US 4217464 A
A submarine cable is terminated to a tail cable outside a repeater housing anchorage. A flexible shroud covers the joint and a cable stopper holds the main cable to a tear-shaped anchor member through which the tail cable passes.
1. A cable anchor assembly for anchoring a coaxial cable to a structure comprising:
a tear-shaped anchor cone having a hole through it along its longitudinal axis;
a surface groove extending lengthwise around said anchor cone;
an anchor wire mounted in said groove; and
a crush-resistant flexible shroud of insulating material projecting from the more pointed end of said anchor cone, whereby the assembly can be placed over a terminated coaxial cable with the cable passing through said shroud and said anchor cone and secured to the cable with said anchor wire which firmly embraces the cable.
This invention relates to cable terminations and, more particularly, to the termination of a submarine cable to a repeater housing.
I have previously disclosed a cable termination in which there is provided a cone which has a circumferential radius and decreasing taper at one end and a bell mouth with an increasing radius at the other end. This facilitates in a simple manner the anchoring of the armor wires of the cable around the cone and also limits bending of the cable in the immediate vicinity of the repeater housing. In that arrangement, the armor wires are taken around the "cone" and become clamped between the cone and the annular clamping ring.
It is an object of the present invention to further simplify the anchoring arrangement while at the same time improve its reliability.
According to a principal aspect of the present invention, there is provided a cable anchor assembly for anchoring a coaxial cable to a structure. The assembly comprises a tear-shaped anchor member having a hole through it along its longitudinal axis. A surface groove extends lengthwise around the anchor member. An anchor wire is mounted in the groove. An insulating crush-resistant flexible shroud projects from the more pointed end of the anchor member, whereby the assembly can be placed over a terminated coaxial cable with the cable passing through the shroud and the anchor member and secured to the cable with the anchor wire which firmly embraces the cable, the anchor member being securable to the structure.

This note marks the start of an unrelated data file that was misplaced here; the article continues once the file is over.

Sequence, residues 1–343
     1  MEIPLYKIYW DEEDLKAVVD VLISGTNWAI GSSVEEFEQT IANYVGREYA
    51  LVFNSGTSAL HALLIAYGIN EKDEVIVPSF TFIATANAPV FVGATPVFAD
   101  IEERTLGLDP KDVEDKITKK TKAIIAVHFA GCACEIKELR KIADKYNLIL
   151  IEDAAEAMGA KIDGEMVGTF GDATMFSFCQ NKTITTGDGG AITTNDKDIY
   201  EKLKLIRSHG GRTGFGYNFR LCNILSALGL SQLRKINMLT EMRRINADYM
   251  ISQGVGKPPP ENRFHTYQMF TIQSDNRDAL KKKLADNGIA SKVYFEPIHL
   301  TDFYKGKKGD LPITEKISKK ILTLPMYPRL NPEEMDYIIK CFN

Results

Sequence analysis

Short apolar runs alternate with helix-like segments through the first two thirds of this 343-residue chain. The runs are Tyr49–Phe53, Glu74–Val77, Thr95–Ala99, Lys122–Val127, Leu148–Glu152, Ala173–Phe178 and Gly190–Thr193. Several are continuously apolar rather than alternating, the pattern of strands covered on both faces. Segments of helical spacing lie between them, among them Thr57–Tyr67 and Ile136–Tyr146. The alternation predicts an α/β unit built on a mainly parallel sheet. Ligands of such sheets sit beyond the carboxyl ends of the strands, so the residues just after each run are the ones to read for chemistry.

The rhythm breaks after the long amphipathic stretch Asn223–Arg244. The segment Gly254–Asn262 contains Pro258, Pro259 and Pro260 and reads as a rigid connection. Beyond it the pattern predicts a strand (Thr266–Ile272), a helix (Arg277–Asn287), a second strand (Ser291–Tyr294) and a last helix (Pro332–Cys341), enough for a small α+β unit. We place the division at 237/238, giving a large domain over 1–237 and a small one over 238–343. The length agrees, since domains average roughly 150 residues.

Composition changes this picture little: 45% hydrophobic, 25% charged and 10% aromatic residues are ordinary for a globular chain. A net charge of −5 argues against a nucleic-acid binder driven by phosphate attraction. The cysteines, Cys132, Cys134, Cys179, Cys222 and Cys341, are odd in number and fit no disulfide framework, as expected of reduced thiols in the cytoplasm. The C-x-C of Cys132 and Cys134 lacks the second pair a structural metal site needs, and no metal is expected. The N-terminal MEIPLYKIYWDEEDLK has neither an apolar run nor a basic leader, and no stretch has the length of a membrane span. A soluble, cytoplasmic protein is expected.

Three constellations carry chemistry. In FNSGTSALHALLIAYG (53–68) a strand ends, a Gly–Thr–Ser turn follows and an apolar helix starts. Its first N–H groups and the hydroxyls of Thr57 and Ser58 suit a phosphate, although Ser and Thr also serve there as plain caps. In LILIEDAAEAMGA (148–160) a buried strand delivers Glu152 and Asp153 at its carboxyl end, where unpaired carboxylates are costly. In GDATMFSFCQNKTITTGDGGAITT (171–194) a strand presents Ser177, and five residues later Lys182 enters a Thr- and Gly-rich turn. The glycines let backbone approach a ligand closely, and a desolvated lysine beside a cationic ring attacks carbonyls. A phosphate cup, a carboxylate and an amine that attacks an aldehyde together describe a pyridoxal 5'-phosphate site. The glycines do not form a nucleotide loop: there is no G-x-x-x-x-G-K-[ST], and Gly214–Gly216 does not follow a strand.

This arrangement is less expensive than my prior cable anchor assembly, and has increased flexibility at the anchorage point.
FIG. 1 shows in partial longitudinal cross-section, a cable termination according to an embodiment of the invention;
FIG. 2 shows, on an enlarged scale and in longitudinal cross-section,part of the embodiment of the FIG. 1;
FIG. 3 is a top plan view of the tear-shaped anchor member used in the termination of FIGS. 1 and 2; and
FIGS. 4a and 4b show the anchor wire used in the termination of FIGS. 1 and 2.
Referring now to FIG. 1 of the drawings in detail, a lightweight submarine coaxial cable 1 is anchored to clamping plates 2 and 3. Plates 2 can be secured to a submarine repeater housing (not shown). At a distance from the clamping pates, the coaxial cable 1 is electrically terminated as indicated at 4 and connected with a smaller more flexible waterproof coaxial cable 5 which extends into the repeater housing via a watertight bulkhead (all not shown).